Although both means repair, but I am not able to understand the differences between them.
Is it that, when human efforts are involved in repair its called 直す and when it is being repaired by any other means is called 修理

3 Answers 3


There are many, many examples of this kind. There are always different ways of saying the same thing. The 漢語 (Chinese-derived word) plus する verb is often the more formal version, whereas the simple native Japanese word is less formal. When comparing 車を直す and 車を修理する, 直す and 修理する both mean "to repair", but the latter sounds a tad more technical, but probably only because it is more formal. It's something like

to perform a car maintenance operation

to repair the car

but both can involve human efforts. In general, however, なおす means more than just 修理する:

Put the chair back where it was.

to cure an ailment

to remake

Please correct this sentence.

(See Tsuyoshi Ito's comment below.)

  • 2
    I would add that this is very similar to English. A lot of Latin derived words are the equivalent if jukugo (of Chinese origin).
    – Jade
    Nov 2, 2012 at 13:26
  • 5
    I am afraid that this answer is either misleading or incorrect. 修理する has a more specific meaning than 直す, and it is not just a more formal way of saying the same thing. For example, we can say 間違った答えを直す (correct a wrong answer), but we cannot say 間違った答えを修理する. (See also istrasci’s answer.) This happens in many cases: native Japanese words tend to have a more general meaning and be less formal, and Sino-Japanese words tend to have a more specific meaning and be more formal. Dec 11, 2012 at 21:45
  • @TsuyoshiIto There was just a question about this (with an answer from you) about whether 物 and 者 are different words. I hope you agree that 修理する and 直す are very close in meaning, when one compares 車を直す and 車を修理する. (In the sense that 車を直す often just means 車を修理する.) But of course 直す can mean much more, which I tried to hint at by mentioning 治す. I guess, you are right, though, in that なおす, even written as 直す, means more than 修理する. I'll edit my answer a little.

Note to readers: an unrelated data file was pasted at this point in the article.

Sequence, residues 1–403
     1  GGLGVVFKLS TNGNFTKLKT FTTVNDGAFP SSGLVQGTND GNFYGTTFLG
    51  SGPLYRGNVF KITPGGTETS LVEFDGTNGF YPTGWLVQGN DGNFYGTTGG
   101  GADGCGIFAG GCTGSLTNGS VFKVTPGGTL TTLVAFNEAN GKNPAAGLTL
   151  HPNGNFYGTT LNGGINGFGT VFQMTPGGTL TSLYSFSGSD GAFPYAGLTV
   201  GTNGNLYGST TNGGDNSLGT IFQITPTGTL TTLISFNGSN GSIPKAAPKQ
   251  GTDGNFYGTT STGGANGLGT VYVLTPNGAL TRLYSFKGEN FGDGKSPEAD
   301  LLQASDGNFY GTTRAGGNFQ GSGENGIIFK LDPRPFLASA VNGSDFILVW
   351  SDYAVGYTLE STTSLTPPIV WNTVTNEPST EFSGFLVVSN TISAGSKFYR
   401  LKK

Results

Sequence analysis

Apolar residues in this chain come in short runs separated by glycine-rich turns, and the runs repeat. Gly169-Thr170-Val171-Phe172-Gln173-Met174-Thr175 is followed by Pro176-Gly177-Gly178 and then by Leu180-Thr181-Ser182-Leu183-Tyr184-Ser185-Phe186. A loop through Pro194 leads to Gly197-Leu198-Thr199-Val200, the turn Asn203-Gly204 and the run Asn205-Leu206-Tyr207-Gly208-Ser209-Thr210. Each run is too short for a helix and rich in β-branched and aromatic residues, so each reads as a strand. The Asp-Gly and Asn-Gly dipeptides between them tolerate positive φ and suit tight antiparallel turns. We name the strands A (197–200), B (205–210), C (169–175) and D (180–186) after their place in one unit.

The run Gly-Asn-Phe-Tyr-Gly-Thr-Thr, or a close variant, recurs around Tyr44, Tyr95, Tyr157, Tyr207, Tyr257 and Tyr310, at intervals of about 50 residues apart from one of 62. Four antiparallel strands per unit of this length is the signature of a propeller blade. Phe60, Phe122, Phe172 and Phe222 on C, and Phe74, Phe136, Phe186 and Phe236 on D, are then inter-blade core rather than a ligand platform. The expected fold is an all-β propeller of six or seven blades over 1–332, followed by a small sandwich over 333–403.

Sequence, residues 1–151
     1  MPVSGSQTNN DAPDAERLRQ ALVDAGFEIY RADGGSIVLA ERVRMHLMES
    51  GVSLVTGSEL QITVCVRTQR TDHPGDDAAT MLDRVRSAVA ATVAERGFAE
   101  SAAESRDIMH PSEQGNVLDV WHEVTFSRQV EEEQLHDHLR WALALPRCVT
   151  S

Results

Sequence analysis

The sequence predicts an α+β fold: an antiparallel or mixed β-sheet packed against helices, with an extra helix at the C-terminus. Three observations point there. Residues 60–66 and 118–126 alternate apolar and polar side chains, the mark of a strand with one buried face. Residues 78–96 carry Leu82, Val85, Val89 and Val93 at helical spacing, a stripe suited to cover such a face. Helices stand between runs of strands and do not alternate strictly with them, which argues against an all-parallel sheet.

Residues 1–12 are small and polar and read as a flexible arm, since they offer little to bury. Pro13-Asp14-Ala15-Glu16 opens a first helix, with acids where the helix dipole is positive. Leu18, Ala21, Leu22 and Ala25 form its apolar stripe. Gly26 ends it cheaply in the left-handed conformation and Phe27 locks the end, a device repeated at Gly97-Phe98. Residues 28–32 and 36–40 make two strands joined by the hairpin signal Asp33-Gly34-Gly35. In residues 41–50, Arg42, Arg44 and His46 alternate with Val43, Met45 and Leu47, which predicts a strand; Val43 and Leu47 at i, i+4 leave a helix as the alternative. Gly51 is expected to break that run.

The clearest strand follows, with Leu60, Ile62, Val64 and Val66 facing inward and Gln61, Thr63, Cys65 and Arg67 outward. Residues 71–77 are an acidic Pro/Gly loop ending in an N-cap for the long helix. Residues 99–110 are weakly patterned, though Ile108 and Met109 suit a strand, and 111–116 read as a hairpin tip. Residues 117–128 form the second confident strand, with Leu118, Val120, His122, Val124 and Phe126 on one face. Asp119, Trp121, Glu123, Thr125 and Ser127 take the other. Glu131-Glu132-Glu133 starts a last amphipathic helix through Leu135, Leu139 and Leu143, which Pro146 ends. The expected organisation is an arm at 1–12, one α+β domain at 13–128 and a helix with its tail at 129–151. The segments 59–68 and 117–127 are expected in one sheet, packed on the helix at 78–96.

– Earthliŋ
    Dec 12, 2012 at 2:36
  • 1
    Slightly off topic, but isn't the chair example Kansaiben? I always thought that 直す used to mean 片付ける was Kansaiben?
    – Jeemusu
    Dec 12, 2012 at 7:17
  • @Jeemusu I guess you are right. I was trying to come up with an example that came close to EDICT's definition "(4) to replace/to put back as it was". But people from 関東 seem to use 直す in a narrower sense (closer to 修理する) than people from 関西 (or 九州), who use it an all sorts of ways, including 片付ける, which probably comes closer to 直す as "to straighten".
    – Earthliŋ
    Dec 12, 2012 at 7:40

修理 means "fix/repair" and almost, if not always refers to fixing something that is physically broken.

直す can also mean "fix" as in something broken, but has more metaphorical uses. "Fix" as in correct a mistake (often seen as a compound verb 〜なおす: 書き直す to rewrite); "fix" as in straighten out, put right, etc.; "Fix" as in change/alter (a plan, etc.)


直す is a verb, and 修理 is a noun.

修理 can be made into a verb by adding する, as in 修理する, or into an adjective by adding , but it's still a noun at heart. Likewise, 直す can also be made into a noun by adding こと, but it is still a verb. Just because a language allows you to modify words into different forms shouldn't trick you into thinking they are the same thing. They have different grammatical purposes and usages.

So 直す is "to fix", whereas 修理 is "a repair".

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